Earlier, Ontario Finance Minister Charles Sousa presented the Ontario government’s 2017 Ontario Economic Outlook, also known as the Fall Economic Statement (FES). With the June 7, 2018 election looming, the FES, known to many as a ‘mini budget’ for its combination of broader, more visionary strokes coupled with a handful of detailed policy announcements, serves as a key opportunity for the Ontario Liberals to try to build momentum with voters on major focus areas, while trying to mitigate potential headaches with certain vocal stakeholders.
A government’s core message can often be found in the title it chooses for the Fall Economic Statement and the budget, and this one was no different. “A Strong and Fair Ontario” is a line Ontarians should get used to: they’re going to be hearing it often from any government official in a public setting between now and June. While various polls show a continued lead for Patrick Brown’s Progressive Conservatives, the Ontario Liberals tend to build momentum in the months and weeks leading up to campaigns, and the government’s shift back towards a more activist, progressive agenda (rent control, minimum wage, pharmacare for everyone under 25, etc.) have generally been well received by the electorate.
So, what did the Ontario Liberals see as areas most in need of a pre-election shot-in-the-arm?
Relief for small businesses
The (not unexpected) announcement receiving the most headlines initially is a textbook example of a government trying to mitigate the headaches (both political and economic) resulting from one policy by making a corresponding investment. Ontario will cut its corporate tax rate on the first $500,000 of profits to 3.5 per cent effective Jan. 1, down from the current level of 4.5 per cent – Jan. 1 being the date when, in no way coincidentally, the minimum wage will rise to $14 an hour from $11.60 (before again increasing to $15/hour in 2019). It also includes a broader package of $500 million in new incentives over the next three years for companies with fewer than 100 employees, including $124 million to hire and retain workers between the ages of 15 and 29.
Maintaining a Balanced Fiscal Outlook
Importantly, (particularly in an election year), Ontario is continuing to project a balanced budget in 2017–18 and ongoing balance in 2018–19 and 2019–20, unchanged from the 2017 Budget forecast. Government revenues are anticipated to be $150.1 billion this fiscal year, slightly more than its expenses of $149.6 billion. Ontario is expecting a surplus of $500 million for the year that ends March 30.
Recognizing Indigenous Institutes
The government announced it plans to introduce legislation to recognize a new pathway for Indigenous students to earn a diploma, certificate or degree. The proposed legislation recognizes that Indigenous Institutes play a unique role in Ontario’s postsecondary education system by providing accessible education and training to Indigenous students in culturally responsive learning environments. This commitment is in addition to the province’s $56 million investment in Indigenous learners, announced in the 2017 Budget.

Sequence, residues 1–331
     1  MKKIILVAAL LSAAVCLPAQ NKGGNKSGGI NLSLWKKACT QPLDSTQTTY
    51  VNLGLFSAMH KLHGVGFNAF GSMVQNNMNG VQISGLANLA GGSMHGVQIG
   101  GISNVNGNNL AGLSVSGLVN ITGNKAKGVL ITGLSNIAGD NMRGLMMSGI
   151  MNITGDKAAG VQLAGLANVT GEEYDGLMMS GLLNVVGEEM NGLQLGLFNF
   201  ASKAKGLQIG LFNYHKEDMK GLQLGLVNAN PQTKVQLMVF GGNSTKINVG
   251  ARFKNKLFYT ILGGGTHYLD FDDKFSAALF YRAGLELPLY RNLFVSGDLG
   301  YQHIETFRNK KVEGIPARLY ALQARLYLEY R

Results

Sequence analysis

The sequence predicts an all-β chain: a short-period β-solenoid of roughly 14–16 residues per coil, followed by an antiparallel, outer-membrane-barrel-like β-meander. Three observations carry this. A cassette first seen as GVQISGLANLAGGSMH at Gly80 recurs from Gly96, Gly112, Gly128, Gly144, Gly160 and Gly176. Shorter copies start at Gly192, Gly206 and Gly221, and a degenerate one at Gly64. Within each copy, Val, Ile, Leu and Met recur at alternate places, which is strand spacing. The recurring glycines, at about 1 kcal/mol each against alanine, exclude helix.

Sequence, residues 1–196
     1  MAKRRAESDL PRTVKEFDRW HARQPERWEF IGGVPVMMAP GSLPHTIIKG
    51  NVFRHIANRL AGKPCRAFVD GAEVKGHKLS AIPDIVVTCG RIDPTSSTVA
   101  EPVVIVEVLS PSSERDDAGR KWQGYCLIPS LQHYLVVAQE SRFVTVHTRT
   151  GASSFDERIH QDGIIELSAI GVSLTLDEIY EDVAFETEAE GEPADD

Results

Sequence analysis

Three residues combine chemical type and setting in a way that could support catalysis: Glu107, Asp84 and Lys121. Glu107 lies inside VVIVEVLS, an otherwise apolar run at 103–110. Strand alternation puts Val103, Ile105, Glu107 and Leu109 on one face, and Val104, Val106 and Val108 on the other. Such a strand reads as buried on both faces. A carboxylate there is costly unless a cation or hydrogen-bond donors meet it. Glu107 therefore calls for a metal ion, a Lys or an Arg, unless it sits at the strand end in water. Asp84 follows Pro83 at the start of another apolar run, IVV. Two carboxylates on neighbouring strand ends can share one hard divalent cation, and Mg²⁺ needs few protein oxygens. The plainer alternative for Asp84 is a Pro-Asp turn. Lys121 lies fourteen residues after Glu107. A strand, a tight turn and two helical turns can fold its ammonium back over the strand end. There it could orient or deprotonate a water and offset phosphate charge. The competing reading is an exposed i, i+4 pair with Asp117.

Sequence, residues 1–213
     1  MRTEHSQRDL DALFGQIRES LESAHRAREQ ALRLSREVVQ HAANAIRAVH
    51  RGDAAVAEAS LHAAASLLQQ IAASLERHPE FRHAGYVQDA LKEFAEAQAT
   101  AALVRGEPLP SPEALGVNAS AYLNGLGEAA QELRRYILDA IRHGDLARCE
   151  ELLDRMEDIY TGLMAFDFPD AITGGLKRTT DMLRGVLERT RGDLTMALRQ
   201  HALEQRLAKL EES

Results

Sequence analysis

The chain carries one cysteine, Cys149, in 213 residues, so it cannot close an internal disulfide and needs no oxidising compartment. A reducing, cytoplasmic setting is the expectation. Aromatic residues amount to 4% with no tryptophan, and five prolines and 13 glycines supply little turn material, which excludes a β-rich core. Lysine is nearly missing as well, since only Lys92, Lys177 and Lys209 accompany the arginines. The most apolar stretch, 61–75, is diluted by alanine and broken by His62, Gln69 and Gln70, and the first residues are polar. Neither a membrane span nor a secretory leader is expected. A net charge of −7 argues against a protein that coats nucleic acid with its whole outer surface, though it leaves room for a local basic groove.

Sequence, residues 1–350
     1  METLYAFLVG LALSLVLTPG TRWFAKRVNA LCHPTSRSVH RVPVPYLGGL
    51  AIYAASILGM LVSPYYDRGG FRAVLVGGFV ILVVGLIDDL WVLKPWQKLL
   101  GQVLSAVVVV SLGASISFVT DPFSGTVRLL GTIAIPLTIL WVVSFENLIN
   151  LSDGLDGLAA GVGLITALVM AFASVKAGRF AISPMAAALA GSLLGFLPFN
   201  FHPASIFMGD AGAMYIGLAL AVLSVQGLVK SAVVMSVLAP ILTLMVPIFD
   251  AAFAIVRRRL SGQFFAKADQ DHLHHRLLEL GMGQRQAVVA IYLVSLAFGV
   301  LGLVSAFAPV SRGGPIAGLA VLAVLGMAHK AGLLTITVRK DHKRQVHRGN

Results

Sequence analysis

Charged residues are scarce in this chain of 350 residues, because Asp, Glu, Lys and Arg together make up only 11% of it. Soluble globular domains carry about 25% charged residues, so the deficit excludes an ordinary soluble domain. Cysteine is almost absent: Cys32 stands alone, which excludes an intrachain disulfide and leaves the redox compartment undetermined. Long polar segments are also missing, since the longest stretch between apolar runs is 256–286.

Updated Apprenticeship Training Tax Credit
The government is proposing to transform the existing Apprenticeship Training Tax Credit (ATTC) into a new Graduated Apprenticeship Grant for Employers (GAGE). The GAGE is designed to encourage employers to ensure apprentices complete their training programs by providing providing the following employer grants:
- $2,500 upon the apprentice’s completion of level one and again at level two;
- $3,500 upon the apprentice’s completion of level three and again at level four; and
- $4,700 upon the apprentice’s attainment of certification (either through a certificate of apprenticeship or certificate of qualification if applicable).
The GAGE would be available to all 125 trades that are currently eligible for the existing ATTC, plus an additional five Red Seal service sector trades.
Despite the rosy projections overall, there was still some sober text. The FES noted that “high levels of household debt have left Ontario households more sensitive to rising interest rates,” and that, “there is a risk that faster-than-expected interest rate increases may lead to a more significant slowing in consumer spending and housing activity.” The FES also noted that although global equity prices remain near record highs, geopolitical risks “raise the likelihood of a significant market correction should risks materialize, which would dampen growth and confidence globally.”
Next up: 2018 Budget Consultations
To prepare the 2018 Ontario Budget, the Minister of Finance and the Parliamentary Assistant to the Minister of Finance will again meet — both in person and virtually — with communities across the province, beginning in December 2017.
For the 2018 Budget Talks process that invites the public to offer ideas for the budget, the total funding has been increased to up to $5 million. This year’s program will also feature live events where people throughout the province can discuss the ideas and help determine the shortlist for public voting.